Design Choices

  • Tensorflow 3D convolutions for class invariant features

  • Multi-label nn.softmax instead of nn.sparse (non-exclusive classes)

  • Argsort and not argmax to obtain top-k class information

FAQ about image compression

  1. Is the final image really a standard JPEG?

Yes, the final image is a standard JPEG as it is encoded using standard JPEG.

  1. But how can you improve JPEG using JPEG ?

Standard JPEG uses a image level Quantization scaling Q. However, not all parts of the image be compressed at same level. Our method allows to use variable Q.

  1. Don't we have to store the variable Q in the image file?

No. Because the final image is encoded using a single Q. Please see Section 4 of our paper.

Possible Issues

  1. Cannot import Image (in Resolution: Change it to

    from PIL import Image
  2. ValueError: setting an array element with a sequence. Resolution: The image file you are passing does not exist

  3. UserWarning: Possible precision loss when converting from float32 to uint8 Resolution: This is only a warning from skimage. Nothing needs to be done

  4. No message or nothing Default behaviour of the program is such that there is no message unless there is an error, or verbose is set to True. Check "output" directory for output files. If there is no output directory then make one and run the code again.


  • CNN structure based on VGG16,
  • Channel independent feature maps (3D features) using
  • GAP based on
  • Conv2d layer based on

My sincere thanks to @jazzsaxmafia, @carpedm20 and @metalbubble from whose code I learned and borrowed heavily.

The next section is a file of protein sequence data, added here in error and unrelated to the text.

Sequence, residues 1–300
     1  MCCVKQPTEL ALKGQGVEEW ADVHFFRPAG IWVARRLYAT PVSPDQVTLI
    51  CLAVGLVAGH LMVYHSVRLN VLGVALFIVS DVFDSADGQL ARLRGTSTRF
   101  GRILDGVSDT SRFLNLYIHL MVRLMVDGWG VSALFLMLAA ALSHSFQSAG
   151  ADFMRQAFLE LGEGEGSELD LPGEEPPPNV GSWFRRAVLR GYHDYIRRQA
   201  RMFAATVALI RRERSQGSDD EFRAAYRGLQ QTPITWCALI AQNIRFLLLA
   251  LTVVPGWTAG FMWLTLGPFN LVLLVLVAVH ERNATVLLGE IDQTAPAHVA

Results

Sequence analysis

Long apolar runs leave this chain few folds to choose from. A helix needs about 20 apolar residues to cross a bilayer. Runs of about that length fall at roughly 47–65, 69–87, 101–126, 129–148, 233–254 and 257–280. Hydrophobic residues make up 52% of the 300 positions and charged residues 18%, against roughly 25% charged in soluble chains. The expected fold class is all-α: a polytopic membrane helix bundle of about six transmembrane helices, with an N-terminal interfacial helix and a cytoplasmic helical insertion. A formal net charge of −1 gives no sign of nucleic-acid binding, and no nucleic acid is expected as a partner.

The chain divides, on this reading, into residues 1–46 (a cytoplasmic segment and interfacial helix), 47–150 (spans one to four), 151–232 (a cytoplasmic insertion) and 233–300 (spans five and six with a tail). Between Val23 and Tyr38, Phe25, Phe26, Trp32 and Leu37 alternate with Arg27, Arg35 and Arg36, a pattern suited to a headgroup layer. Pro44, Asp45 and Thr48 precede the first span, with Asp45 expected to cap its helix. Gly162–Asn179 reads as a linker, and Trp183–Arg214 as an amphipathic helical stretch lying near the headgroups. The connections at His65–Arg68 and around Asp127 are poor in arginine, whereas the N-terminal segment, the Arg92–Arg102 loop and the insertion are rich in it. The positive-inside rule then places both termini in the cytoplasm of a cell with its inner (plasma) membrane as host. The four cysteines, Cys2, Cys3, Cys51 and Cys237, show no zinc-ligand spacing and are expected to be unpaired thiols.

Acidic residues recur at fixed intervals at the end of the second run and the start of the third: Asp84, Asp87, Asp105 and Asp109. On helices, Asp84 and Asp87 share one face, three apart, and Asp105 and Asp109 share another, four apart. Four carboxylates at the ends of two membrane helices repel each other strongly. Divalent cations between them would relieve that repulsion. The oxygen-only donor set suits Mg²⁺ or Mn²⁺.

It has long been considered a significant problem to improve the visual quality of lossy image and video compression. Recent advances in computing power together with the availability of large training data sets has increased interest in the application of deep learning cnns to address image recognition and image processing tasks. Here, we present a powerful cnn tailored to the specific task of semantic image understanding to achieve higher visual quality in lossy compression. A modest increase in complexity is incorporated to the encoder which allows a standard, off-the-shelf jpeg decoder to be used. While jpeg encoding may be optimized for generic images, the process is ultimately unaware of the specific content of the image to be compressed. Our technique makes jpeg content-aware by designing and training a model to identify multiple semantic regions in a given image. Unlike object detection techniques, our model does not require labeling of object positions and is able to identify objects in a single pass. We present a new cnn architecture directed specifically to image compression, which generates a map that highlights semantically-salient regions so that they can be encoded at higher quality as compared to background regions. By adding a complete set of features for every class, and then taking a threshold over the sum of all feature activations, we generate a map that highlights semantically-salient regions so that they can be encoded at a better quality compared to background regions. Experiments are presented on the Kodak PhotoCD dataset and the MIT Saliency Benchmark dataset, in which our algorithm achieves higher visual quality for the same compressed size.